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U.S. Virgin Islands Calls for People with Cannabis Convictions To Reach Out for Expungements

U.S. Virgin Islands Gov. Albert Bryan Jr. recently called out to residents with cannabis convictions to contact the government to determine if those convictions are eligible for expungement.

The territory’s cannabis law, Act No. 8679, dictates that any cannabis convictions be automatically expunged if it involves an individual in possession of two ounces of cannabis or less. “This initiative reflects the Governor’s commitment to justice and fairness in applying the law, especially in light of recent changes that have made the expungement process more complex than initially intended,” the governor’s most recent notice stated. “However, to ensure full compliance and address any potential gaps in data received from the Judicial Branch of the Virgin Islands, Governor Bryan requests individuals impacted by this law to proactively contact Government House.”

Special Advisor Positive Nelson will manage the effort to expand expungement services by leading a designated task force, which includes “…representatives from the office of the Virgin Islands Attorney General, the Office of the Territorial Public Defender, Legal Services of the Virgin Islands, the Virgin Islands Bar Association, and the Virgin Islands Justice Institute.”

The brief notice also stated that moving forward with the requirements of Act. No. 8679 “…represents a significant step toward rectifying past inequities in the criminal justice system. The Governor’s Office encourages all eligible individuals to come forward and take advantage of this opportunity for a fresh start.”

Previously, the U.S. Virgin Islands government has been quiet on its progress regarding expungement. An article published by The Virgin Daily News last week stated that the government was supposed to issue the first “auto-expungement report” by Nov. 18, or 10 months after the passage of the cannabis act, but no updates had been provided regarding the progress of the initiative. Likewise, no announcements had been made regarding pardons by Bryan.

Former Sen. Janelle Sarauw, a co-sponsor of the bill, told The Virgin Daily News he’s disappointed in the lack of progress. “I think it’s a travesty that the equity piece hasn’t even been addressed,” Sarauw said. “That was the intent of having the companion legislation to ensure that those who have been disenfranchised or locked up for cannabis can have a fair shot at life. And it’s just, it’s appalling that nothing has been done.” 

The local news outlet claims it has repeatedly reached out to the government for updates, but was provided with little information. In September, Justice Department spokesperson Sandra Goomansingh responded to The Virgin Daily News’s requests, but only said that “your questions have been directed to the OCR so a comment should be forthcoming.” The law states that $250,000 has been earmarked to support an expungement program, but it appears that the funds have not yet been spent.

Earlier in November, The Virgin Daily News reached out to the U.S. Virgin Islands Office of Cannabis Regulation (OCR) Director Hannah Carty, who estimated that the territory’s cannabis program would begin in January 2024, alongside the “Cannabis Registry system.” “The OCR is summarizing the information and will present the next steps at the next Board meeting,” Carty told the outlet. “The Board is scheduling a meeting in the next two weeks, pending member availability.”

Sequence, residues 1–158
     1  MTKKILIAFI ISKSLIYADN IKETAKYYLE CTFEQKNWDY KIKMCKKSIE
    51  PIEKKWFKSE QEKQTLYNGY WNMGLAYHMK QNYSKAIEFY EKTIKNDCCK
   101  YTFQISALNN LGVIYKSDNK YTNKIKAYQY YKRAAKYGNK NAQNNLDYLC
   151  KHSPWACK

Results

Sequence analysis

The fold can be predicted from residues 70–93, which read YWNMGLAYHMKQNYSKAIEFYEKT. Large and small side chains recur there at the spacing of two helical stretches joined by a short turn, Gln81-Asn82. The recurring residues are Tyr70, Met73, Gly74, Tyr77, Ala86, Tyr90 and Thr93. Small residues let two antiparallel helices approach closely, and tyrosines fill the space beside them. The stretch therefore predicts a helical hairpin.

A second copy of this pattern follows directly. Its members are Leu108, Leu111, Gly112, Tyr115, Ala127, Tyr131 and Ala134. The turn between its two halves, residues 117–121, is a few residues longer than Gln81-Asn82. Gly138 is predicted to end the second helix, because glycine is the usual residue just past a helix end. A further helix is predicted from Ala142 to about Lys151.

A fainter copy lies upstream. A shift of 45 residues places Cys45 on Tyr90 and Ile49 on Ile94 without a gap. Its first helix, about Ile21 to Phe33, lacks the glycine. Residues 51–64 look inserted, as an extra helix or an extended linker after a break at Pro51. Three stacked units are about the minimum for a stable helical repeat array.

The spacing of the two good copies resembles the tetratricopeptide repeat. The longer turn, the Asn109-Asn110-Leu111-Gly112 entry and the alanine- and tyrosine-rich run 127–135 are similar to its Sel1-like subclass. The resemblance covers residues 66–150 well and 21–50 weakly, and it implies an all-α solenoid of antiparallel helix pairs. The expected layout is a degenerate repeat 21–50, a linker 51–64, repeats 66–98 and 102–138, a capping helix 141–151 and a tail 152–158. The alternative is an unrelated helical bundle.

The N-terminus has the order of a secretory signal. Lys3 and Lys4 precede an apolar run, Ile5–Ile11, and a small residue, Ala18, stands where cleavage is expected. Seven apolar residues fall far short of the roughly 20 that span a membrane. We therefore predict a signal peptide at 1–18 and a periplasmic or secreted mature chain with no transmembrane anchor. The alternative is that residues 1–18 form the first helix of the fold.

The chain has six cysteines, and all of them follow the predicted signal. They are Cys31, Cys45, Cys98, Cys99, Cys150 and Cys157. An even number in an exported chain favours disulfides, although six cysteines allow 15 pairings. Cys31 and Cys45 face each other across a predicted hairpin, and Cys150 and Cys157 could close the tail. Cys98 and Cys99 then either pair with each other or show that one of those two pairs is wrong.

Currently, the Cannabis Advisory Board has room for a total of 11 representatives, but Bryan has only appointed four people so far.

The U.S. Virgin Islands legalized adult-use cannabis when Bryan signed The Virgin Islands Cannabis Use Act in January 2023. “We are bringing the opportunities to you, but you must also do your part to seize these opportunities,” Bryan said earlier this year. “It is my goal to make sure many of us who have been negatively impacted by the criminalization of cannabis are afforded every opportunity to participate in this new and legal cannabis industry.”

At the time, he also explained that people with cannabis convictions should take action themselves in order to expedite expungement. “However, the best way to ensure the expungement of your records for marijuana related convictions and any other eligible convictions is to file a petition with the Court seeking that expungement,” Bryan said during the January legalization announcement. “Don’t wait for the opportunities to come to you, go out and grab them.”

In September 2023, the Virgin Islands Department of Licensing and Consumer Affairs announced that the board officially released its draft rules to cover both medical and recreational cannabis regulation. This prompted an invitation for public comment, which lasted until Oct. 10.

The cannabis law allows adults 21 and older to possess up to two ounces of cannabis, half an ounce of concentrates, or one ounce of products like edibles to be used recreationally, or for sacramental purposes. Additionally, medical cannabis patients may possess up to four ounces of cannabis, one ounce of concentrates, and two ounces of cannabis products.

The law also allows cannabis cultivation for sacramental use, but only for those who apply and are approved for a permit.

Cannabis sales will include a 18% tax on recreational products, and 3/4 of the revenue will go toward a general fund that provides 15% to behavioral health programs, 5% to support homelessness efforts, and 5% for youth-related programs.

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